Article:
“In our programming, we put them in verbal situations and ask them what they can do to combat the situation,” he said. “I think interactions like that make a major difference on campus.”
“We are able to provide a home group away from home,” Vigna said. “I feel like with peer educators, a lot of these people who become friends would never have met each other another way, and I love seeing students bond over a shared interest that is making positive, productive change.” n
Gobble is quick to point out that the Project Health and Gamma students benefit greatly from their advisory team, Petonic and Vigna. “Honestly, had they not come in, I don’t think this organization would be anywhere near where it is,” Gobble said. “That is one of the most important things that could have happened, having two advisors who love this organization in such different ways is incredible. They are both so passionate about it in different ways. Brittney is incredible with messaging, and Charlotte is so passionate about sexual health. “I’ve been on other exec boards for other groups, and they are the best advisors I have ever seen.”
STASIA FOSTER Foster has proven sheâ€™s a leader on multiple playing fields. HOMETOWN: Austin, Texas YEAR: Junior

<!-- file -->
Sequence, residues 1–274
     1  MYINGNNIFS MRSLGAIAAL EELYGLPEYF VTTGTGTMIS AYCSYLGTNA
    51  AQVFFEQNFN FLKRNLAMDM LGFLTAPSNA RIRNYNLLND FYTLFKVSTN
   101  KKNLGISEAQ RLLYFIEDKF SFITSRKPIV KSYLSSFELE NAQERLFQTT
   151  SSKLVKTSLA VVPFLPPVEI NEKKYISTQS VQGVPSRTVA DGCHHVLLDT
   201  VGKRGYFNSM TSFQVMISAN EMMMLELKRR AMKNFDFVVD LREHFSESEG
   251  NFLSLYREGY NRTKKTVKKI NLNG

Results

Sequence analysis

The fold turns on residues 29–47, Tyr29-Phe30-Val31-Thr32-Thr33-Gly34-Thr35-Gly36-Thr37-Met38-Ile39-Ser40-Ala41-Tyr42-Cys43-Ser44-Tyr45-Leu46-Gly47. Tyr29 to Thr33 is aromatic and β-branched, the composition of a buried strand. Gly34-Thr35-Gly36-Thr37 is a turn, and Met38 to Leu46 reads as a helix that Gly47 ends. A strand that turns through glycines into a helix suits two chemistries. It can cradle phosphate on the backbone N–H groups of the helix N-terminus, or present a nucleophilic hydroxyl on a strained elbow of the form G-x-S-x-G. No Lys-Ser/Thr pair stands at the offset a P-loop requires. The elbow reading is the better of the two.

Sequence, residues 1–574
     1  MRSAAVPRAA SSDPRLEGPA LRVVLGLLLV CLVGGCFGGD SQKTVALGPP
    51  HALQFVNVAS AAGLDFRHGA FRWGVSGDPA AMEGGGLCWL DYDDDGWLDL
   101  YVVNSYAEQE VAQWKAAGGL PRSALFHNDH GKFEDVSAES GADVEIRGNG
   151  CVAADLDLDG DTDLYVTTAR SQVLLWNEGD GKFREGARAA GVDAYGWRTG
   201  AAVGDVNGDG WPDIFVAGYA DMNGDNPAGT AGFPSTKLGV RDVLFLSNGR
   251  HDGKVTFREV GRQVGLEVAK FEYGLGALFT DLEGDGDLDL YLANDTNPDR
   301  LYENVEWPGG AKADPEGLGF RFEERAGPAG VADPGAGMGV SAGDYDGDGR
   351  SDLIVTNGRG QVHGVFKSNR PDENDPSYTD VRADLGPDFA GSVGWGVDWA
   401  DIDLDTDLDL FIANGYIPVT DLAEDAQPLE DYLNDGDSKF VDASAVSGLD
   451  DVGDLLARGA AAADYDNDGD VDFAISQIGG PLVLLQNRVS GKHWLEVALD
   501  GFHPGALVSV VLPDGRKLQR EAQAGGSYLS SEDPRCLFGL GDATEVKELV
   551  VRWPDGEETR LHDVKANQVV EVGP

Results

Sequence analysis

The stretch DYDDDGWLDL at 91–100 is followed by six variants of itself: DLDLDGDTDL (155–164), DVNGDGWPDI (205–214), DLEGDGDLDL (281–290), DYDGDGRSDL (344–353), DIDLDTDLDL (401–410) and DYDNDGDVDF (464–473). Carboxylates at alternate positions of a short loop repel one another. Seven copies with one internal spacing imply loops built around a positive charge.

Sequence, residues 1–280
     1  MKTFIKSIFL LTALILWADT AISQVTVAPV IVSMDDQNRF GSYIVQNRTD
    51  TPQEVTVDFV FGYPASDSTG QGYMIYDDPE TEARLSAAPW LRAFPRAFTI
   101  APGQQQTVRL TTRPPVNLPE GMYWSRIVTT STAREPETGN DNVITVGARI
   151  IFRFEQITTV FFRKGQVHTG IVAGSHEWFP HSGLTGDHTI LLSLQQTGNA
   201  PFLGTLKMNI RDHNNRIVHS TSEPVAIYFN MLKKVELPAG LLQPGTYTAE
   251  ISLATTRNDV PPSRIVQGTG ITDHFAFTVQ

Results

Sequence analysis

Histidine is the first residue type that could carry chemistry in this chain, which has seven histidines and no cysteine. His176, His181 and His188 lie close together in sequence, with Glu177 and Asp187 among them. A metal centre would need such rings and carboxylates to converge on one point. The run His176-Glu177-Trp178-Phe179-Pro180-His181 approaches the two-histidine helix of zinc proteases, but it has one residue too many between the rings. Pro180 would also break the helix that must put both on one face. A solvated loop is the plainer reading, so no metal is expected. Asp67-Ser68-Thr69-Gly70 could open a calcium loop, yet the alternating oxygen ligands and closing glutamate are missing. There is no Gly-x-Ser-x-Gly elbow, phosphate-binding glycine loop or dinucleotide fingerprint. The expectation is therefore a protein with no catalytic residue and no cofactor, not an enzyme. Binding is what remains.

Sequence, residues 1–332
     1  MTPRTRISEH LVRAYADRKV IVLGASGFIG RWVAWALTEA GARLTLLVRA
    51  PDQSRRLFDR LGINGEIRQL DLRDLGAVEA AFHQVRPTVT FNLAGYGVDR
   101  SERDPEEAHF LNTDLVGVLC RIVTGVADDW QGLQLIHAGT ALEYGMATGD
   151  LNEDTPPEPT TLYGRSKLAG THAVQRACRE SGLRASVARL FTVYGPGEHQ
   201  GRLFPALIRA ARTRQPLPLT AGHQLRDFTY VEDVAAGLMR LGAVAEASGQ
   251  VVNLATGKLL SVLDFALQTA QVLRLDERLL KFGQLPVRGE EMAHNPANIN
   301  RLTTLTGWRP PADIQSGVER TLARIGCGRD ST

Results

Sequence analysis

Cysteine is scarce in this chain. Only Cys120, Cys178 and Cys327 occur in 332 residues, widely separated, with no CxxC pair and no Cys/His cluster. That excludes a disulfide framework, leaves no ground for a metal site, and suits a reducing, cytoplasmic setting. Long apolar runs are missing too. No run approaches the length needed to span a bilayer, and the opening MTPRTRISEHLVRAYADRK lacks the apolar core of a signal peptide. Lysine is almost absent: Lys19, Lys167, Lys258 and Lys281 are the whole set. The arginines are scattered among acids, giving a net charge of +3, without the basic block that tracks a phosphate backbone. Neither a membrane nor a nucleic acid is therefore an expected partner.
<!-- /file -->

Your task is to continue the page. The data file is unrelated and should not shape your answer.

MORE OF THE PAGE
Foster finds her home at UA through recruiting, dancing, and leading
By Jessie Patterson Jones Stasia Foster always dreamed of going to college to dance. A dancer since the age of 3, it was always just a given. When it came time to look at colleges, the Austin, Texas, native knew she wanted to leave her home state.
looking for another college to call home had just the opposite effect. “I had a change of heart,” Foster said. “And I’m so glad I did. It turns out, The University of Alabama actually is my place.”
But Foster didn’t count on it being hard to find a school that felt like home when she started her search. UA was in the running, but with classical "I didn’t expect to be the first ballet being a priority in UA’s to do anything. I was just dance program, she didn’t trying to help out where I’m think that was for her.
Foster enrolled at UA for the Fall 2014 semester, happy but unsure of where she fit at her new home away from home.